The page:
calendar wheels to accomplish the rotation of time; and that this rotation itself is called cuceb, "the squirrel," derived directly from the same verb cucul, "to revolve, to move round and round." One more Mayan Tree of Life, too beautiful not to be included in any group of "Cosmic Trees," particularly as it shows the mystery of metamorphosis almost in the act of transmutation from one form to another is given in Fig. 51 at right. In the original drawing the god of the north star rests upon it, as it rises from the heavenly vase that holds the heavenly waters. And, to show that Egypt and Yucatan were not separated in fancy at least by oceans Atlantic or Pacific, here is a little drawing at left of the Sacred Tree of the Egyptians, with Heaven, or the Sky goddess Nut, bestowing knowledge on man and his soul. "THE WHOLE WORLD," says an old Hebrew writing, "is like a gigantic tree full of branches and leaves, the root of which is the spiritual world of the Sph'roth; or it is like a firmly united chain the last link of which is attached to the upper world; or like an immense sea, which is constantly filled by a spring, everlastingly gushing forth its streams." When we take up the Kabbala, to interpret anything in it, we touch a book on which literally thousands of interpretative books have been written. The Arber Sephirotheca is perhaps its keystone figure, and the interpretations of the relation and meaning of the ten Sephiroth which compose the "tree" differ so that any summary of them is not only hopeless but useless here. It is possible, however, to sketch largely and with no detail, a general explanation of this Hebrew World Tree. First of all, what are the ten Sephiroth? First of all then, they are indicated by the first ten letters of the primitive alphabet in which, as we have noted before, Gods were Letters, Letters were Ideas, Ideas were Numbers, and Numbers were perfect Signs. They may mean either "to count" (that is, they may mean "numbers"), or "brilliance" or "spheres." Or they may mean "qualities," standing for the several grades or stages of wisdom. Or they may mean "emanations."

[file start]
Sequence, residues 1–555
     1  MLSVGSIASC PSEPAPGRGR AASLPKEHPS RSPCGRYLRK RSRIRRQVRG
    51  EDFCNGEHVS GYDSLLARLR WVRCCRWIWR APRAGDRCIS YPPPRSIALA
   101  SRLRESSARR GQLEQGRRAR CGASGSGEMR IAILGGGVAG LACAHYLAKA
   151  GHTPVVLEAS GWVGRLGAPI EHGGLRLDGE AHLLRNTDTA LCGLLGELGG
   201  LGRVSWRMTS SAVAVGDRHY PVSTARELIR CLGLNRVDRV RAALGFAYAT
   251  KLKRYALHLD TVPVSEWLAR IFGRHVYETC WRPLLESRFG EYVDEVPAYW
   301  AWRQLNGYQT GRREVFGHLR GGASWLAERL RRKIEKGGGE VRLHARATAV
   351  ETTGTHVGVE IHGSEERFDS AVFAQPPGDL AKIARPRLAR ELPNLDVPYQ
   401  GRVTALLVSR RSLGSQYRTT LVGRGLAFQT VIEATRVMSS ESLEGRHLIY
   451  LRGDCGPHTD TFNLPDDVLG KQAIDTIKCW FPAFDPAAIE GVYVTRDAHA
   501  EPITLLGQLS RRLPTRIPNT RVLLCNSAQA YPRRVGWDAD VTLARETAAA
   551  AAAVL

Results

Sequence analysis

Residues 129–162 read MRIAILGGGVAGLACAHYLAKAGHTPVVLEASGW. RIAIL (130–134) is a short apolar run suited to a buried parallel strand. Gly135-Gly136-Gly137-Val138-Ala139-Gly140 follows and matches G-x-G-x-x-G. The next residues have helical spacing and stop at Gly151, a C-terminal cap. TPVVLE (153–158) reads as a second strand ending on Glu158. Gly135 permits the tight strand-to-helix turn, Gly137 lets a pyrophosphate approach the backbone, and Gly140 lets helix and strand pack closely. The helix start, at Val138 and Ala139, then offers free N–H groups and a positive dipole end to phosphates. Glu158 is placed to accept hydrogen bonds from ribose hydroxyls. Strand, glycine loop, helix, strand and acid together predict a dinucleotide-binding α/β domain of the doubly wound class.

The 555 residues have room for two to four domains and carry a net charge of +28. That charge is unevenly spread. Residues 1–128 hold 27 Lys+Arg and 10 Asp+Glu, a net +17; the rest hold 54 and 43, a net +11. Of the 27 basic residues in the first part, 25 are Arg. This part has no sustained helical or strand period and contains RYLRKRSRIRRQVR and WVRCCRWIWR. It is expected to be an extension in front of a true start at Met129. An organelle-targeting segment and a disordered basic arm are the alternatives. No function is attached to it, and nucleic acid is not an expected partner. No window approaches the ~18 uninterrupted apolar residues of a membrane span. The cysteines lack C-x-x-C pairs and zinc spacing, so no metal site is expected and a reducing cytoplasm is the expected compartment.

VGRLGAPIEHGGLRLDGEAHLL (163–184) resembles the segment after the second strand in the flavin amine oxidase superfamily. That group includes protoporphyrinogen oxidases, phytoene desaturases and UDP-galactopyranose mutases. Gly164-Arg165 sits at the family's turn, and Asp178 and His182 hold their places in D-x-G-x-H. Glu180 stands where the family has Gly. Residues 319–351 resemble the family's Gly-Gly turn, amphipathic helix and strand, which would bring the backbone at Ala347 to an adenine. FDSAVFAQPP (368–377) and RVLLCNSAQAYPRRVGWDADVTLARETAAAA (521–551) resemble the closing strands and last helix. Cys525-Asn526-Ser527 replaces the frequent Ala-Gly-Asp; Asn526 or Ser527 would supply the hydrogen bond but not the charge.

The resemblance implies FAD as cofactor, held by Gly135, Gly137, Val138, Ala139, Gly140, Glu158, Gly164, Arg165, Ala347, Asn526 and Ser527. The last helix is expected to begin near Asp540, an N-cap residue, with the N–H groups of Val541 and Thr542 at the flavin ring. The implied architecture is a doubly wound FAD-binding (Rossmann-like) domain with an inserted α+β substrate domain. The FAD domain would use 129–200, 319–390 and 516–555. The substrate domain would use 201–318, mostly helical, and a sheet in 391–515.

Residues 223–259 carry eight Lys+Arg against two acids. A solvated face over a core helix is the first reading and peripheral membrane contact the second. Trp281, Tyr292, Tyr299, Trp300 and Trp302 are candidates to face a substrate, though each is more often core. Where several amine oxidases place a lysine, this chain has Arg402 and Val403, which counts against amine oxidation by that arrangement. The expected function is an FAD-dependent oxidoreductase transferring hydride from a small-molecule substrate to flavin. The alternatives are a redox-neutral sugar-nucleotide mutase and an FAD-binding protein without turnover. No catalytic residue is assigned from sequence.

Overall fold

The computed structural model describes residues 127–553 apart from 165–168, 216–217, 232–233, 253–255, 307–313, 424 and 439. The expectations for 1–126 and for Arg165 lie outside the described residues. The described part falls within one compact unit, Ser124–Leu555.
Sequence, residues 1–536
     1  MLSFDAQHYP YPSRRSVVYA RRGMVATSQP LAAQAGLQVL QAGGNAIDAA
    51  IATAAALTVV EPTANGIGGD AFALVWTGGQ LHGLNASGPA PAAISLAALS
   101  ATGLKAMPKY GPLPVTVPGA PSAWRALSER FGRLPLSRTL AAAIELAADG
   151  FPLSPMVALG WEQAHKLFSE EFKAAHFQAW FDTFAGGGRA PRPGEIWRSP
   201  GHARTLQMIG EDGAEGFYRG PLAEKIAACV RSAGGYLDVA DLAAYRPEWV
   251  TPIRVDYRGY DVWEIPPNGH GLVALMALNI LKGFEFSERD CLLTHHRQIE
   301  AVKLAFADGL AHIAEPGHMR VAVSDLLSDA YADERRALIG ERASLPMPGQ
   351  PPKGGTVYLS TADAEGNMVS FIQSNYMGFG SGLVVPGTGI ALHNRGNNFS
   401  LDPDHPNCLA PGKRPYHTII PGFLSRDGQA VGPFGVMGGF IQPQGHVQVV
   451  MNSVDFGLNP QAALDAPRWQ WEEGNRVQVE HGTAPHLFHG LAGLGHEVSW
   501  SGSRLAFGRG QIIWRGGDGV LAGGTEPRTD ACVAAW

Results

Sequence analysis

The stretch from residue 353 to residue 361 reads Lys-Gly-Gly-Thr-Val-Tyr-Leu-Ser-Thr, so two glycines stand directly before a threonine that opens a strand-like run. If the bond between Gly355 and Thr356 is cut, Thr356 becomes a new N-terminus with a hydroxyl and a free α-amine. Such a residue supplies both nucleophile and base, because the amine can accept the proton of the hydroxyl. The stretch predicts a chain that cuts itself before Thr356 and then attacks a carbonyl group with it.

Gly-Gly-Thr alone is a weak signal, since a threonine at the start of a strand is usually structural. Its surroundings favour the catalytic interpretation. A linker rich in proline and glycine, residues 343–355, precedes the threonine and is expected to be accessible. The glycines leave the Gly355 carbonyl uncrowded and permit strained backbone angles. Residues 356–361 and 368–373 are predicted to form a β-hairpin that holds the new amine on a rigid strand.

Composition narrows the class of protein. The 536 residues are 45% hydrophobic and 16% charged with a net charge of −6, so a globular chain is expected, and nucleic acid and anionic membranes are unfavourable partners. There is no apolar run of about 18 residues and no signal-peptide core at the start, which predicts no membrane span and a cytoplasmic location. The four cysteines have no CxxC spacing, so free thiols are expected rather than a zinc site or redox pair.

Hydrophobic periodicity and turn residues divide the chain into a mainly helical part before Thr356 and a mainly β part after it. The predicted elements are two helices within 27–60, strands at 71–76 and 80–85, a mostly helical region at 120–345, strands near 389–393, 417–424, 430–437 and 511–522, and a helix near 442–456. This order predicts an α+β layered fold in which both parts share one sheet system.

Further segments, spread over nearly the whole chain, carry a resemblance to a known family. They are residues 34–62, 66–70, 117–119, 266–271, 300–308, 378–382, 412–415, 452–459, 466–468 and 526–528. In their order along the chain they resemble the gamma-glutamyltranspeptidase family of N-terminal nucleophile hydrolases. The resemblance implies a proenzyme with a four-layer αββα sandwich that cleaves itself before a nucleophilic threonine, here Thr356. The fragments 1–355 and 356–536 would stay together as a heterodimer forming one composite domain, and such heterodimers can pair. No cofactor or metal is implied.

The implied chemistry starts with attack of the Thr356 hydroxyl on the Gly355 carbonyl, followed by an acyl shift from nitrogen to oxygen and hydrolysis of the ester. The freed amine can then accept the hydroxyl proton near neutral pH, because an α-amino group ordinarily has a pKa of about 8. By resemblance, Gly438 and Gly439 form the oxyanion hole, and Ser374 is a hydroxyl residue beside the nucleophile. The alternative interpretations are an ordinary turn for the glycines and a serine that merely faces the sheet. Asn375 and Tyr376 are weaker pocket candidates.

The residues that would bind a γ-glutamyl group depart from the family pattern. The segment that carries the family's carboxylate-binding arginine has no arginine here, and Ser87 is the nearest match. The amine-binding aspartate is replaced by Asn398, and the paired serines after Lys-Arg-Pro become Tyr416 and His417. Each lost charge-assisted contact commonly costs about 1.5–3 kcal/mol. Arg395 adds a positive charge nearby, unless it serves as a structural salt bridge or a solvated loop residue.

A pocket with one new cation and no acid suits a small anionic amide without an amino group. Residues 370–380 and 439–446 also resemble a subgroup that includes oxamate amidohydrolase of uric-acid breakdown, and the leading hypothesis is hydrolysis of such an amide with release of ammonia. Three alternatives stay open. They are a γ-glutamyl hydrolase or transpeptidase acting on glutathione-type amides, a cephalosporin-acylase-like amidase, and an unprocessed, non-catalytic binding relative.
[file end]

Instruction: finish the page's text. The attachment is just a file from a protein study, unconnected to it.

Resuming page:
The Arber Sephirotheca (Plate 21 at left) shows the Hebrew scheme of Creation the esoteric side of the Genesis story, beginning with the assumption that Creation began, not from the act of God, but from the emanation of God, due to his voluntary selfwithdrawal in order that the universe might be created. "When the Holy Aged, the concealed of all concealed," says the Zohar, "assumed a form, he produced everything in the form of male and female, for Wisdom expanded, and Intelligence, the third Sephirah, proceeded from it, and thus were obtained male and female, viz., Wisdom the father, and Intelligence the mother, from whose union other pairs of Sephiroth successively emanated." The first Triad, then, which is represented, is Hochma or Wisdom, Binah, or Intelligence, and Cheter the Crown or the equilibrising force. These three in one are the Balance of forces, otherwise the Reason of the Universe. This Reason is not represented separately. It is held to be inherent in the relation existing between and in the first group of three. Then, from this first group of three forces, or its result, Reason, came the second group of three, Chesed or Mercy, the father, Geburah or Justice, the mother, which together produce Tipherets, or Beauty. This sixth again represents Balance or equilibrium in forms about to be materialised, the mediator between the Crown or Creator and the Kingdom or Creation. The third triad consists of Netzeth or Victory, the father (explained sometimes as the eternal triumph of Intelligence and Justice, the two mothers), Hod or Glory, the mother, from which two springs Iesod, the Foundation, the Absolute. The three triads, three forms each of the intellectual, the spiritual, and the material qualities, combine to form the tenth Sephirah, Malcuth or the Kingdom or Sovereignty over the Kingdom or universe, manifested in the ten branching leaves. These branching leaves 72